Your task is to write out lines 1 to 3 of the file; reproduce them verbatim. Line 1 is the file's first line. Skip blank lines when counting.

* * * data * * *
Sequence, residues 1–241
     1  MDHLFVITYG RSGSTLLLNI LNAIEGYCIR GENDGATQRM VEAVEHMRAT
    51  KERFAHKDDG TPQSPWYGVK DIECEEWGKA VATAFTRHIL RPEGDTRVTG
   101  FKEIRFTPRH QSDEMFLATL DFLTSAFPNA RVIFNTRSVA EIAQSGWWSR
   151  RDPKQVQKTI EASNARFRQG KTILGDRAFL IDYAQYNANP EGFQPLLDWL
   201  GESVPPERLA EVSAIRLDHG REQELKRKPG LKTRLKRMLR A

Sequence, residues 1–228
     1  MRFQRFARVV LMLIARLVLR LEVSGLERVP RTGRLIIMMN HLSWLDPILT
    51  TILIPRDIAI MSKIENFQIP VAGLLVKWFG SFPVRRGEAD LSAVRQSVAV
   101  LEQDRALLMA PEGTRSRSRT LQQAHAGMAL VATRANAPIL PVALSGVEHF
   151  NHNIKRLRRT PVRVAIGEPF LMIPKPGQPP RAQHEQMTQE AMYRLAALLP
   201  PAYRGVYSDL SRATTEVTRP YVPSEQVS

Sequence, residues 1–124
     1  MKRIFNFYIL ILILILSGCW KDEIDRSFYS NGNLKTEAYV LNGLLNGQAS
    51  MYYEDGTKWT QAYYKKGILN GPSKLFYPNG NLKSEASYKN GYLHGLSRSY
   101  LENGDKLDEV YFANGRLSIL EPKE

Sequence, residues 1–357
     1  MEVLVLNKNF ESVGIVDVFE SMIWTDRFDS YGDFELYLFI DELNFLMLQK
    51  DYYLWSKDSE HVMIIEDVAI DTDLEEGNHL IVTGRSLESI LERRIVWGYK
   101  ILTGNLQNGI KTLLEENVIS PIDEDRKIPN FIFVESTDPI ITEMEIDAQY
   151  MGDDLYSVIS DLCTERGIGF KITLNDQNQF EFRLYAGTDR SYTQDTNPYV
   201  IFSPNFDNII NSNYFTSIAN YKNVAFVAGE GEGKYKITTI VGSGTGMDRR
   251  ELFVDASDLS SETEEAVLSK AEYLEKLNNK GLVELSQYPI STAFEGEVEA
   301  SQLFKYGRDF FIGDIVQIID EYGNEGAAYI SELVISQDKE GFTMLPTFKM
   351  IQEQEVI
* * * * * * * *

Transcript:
Sequence, residues 1–241
     1  MDHLFVITYG RSGSTLLLNI LNAIEGYCIR GENDGATQRM VEAVEHMRAT
    51  KERFAHKDDG TPQSPWYGVK DIECEEWGKA VATAFTRHIL RPEGDTRVTG